This Day in Baseball History: August 10th, 1889

Yep, that’s a card in a cigarette carton. Step right on up kids.

On August 10, 1889:

Mickey Welch becomes the first pinch-hitter in Major League Baseball history.

Early on in baseball history, roster sizes were limited. They didn’t have massive farm systems, 40-man rosters, and 25-man rosters. They didn’t have too many more players than the 9 on the playing field, and players were expected to play the entire game and take their at-bats. Of course, the only exception could be made for injuries, and because of an injury to Hank O’Day on August 10, 1889, Mickey Welch would become the first recorded pinch-hitter in baseball history. Another interesting thing to note is that pinch-hitters were essentially illegal at the time, and injury was the only way to get a new player into the game. Otherwise, pinch-hitters had to wait until 1892 to be able to come in for purely strategic reasons. Jack Doyle is popularly credited with being the first pinch-hitter to do so in that mindset.

What makes all this more interesting is that Mickey Welch was a pitcher. Unless your name is Micah Owings or Carlos Zambrano, you’re probably not going to pinch-hit as a pitcher. The other unusual thing about this is that Welch wasn’t even a good hitter. In 2,286 plate appearances, Welch hit .224/.252/.297 with 93 doubles, 16 triples, and 12 home runs. I guess if you compared him to modern pitchers, he would look pretty good, but he still wasn’t the ideal choice for a pinch-hitter.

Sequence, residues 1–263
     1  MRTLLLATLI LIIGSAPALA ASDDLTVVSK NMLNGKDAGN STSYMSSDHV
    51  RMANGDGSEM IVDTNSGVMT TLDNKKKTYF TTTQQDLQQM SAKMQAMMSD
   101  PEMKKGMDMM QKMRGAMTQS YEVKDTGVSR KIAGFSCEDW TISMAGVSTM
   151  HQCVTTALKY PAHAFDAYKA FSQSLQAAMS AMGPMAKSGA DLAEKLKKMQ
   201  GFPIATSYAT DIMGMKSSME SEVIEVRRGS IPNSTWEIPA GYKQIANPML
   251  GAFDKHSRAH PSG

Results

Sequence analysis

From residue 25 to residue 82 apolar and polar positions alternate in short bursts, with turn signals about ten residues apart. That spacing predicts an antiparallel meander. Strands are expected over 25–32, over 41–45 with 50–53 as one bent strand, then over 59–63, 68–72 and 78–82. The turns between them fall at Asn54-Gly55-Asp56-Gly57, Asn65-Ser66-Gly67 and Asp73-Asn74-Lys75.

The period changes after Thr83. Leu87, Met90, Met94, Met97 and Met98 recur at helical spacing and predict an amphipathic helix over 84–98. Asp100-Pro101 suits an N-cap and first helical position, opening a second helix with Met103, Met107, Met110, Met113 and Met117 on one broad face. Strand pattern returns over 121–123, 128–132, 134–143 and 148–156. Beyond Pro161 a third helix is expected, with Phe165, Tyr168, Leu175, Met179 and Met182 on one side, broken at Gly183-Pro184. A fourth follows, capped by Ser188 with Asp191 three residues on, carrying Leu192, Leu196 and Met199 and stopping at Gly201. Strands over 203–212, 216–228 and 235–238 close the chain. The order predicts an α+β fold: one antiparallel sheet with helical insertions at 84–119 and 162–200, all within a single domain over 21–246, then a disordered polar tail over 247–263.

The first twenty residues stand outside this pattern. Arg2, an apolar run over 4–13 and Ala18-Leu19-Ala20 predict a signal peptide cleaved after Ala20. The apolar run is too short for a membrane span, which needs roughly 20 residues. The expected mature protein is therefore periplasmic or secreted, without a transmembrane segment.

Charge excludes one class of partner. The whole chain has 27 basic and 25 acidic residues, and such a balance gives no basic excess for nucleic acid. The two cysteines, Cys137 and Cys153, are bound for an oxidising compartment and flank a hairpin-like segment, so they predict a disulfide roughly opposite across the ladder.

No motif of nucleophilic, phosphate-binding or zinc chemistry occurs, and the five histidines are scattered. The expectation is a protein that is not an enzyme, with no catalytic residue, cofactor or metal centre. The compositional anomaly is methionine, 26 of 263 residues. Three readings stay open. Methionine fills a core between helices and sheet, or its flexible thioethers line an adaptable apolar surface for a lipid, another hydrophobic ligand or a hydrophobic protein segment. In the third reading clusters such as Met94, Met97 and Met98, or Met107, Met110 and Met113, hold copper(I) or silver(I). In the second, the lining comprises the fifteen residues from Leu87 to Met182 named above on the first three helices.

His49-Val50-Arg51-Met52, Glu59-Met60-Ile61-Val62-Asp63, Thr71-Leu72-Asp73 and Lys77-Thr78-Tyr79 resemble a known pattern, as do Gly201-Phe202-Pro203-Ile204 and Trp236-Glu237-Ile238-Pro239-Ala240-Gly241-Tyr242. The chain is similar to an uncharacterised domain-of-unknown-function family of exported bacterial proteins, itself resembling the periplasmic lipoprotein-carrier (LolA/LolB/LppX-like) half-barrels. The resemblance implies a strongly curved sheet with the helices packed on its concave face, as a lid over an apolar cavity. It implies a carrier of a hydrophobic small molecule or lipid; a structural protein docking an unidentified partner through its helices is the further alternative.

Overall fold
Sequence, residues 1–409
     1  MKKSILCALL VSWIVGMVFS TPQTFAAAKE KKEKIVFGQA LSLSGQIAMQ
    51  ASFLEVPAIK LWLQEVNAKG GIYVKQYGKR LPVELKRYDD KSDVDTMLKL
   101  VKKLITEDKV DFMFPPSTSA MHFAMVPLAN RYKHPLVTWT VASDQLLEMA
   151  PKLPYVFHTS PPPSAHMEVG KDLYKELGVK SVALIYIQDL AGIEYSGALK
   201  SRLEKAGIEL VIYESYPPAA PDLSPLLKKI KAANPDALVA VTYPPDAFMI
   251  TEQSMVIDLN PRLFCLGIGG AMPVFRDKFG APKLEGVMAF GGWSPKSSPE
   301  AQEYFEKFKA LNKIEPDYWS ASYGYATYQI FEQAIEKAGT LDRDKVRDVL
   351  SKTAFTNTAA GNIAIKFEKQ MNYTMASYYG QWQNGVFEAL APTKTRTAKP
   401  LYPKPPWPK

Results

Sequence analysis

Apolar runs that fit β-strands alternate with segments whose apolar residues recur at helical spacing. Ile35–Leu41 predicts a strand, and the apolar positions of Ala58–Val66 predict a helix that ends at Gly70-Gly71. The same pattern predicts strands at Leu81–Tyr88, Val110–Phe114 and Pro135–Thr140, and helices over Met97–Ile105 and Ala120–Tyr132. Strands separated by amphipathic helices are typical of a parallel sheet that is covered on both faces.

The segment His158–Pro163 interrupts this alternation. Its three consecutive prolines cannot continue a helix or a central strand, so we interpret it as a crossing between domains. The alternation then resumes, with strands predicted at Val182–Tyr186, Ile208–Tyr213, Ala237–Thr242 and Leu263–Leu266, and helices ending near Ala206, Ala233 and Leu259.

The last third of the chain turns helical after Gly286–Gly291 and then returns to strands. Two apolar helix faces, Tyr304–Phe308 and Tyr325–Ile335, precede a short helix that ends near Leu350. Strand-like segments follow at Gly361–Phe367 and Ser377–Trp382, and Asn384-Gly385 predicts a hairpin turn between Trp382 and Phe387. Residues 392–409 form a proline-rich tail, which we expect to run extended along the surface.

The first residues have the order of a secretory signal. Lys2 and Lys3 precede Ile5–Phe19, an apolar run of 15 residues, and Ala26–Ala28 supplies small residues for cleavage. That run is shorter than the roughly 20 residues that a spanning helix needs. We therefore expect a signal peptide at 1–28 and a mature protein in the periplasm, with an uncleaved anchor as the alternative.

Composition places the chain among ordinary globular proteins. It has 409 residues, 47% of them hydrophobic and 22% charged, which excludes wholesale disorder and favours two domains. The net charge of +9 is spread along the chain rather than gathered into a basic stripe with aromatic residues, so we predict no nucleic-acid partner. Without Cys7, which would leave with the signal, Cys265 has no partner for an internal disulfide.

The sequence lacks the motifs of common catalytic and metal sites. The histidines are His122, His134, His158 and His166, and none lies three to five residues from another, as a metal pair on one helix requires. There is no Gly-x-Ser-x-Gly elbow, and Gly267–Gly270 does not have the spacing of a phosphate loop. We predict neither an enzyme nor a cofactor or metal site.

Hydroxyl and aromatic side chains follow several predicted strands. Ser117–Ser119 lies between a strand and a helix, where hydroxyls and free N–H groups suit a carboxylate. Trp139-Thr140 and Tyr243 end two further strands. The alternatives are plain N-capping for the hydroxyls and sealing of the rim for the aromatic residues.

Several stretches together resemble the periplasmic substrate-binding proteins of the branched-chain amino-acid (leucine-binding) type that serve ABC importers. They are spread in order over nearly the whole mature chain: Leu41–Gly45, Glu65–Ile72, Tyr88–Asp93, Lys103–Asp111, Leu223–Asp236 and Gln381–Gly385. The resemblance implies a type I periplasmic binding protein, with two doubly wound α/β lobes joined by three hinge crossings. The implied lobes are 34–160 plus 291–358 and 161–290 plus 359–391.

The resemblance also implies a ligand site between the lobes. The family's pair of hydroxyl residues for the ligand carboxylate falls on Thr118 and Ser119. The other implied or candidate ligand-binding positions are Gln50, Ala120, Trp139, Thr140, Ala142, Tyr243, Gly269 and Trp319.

But Welch was the ideal of a good pitcher (well, maybe not ideal, but he was pretty good). Enshrined in the Hall of Fame in 1973, Welch won 307 games in his career with a 2.71 ERA (114 ERA+). Out of the 549 games he started, he finished 525 of them and 41 of them without giving up a run. He won 30+ games 3 times and even won 44 in 1885. Also in 1885, he set a major-league record (which still stands today) by striking out the first 9 batters in a game.

Trivia Time
Who holds the major-league record for most consecutive strikeouts and with how many?

Thursday’s Answer –> .270, almost 70 points below his father

Sorry for the slowness around these parts. I’m trying to get ready for school and pack everything to move back on Friday. Once I get back to Lexington, time will be plentiful for putting up posts.


2 Responses to “This Day in Baseball History: August 10th, 1889”

  1. Ron Rollins Says:

    Tom Seaver, with 10, against the Padres in 1969, to end the game.

  2. Kevin Says:

    Notice that his name is misspelled on the card.
    Also, it took until 1892 before a pinch hitter got a hit. Tom Daly smacked a home run.


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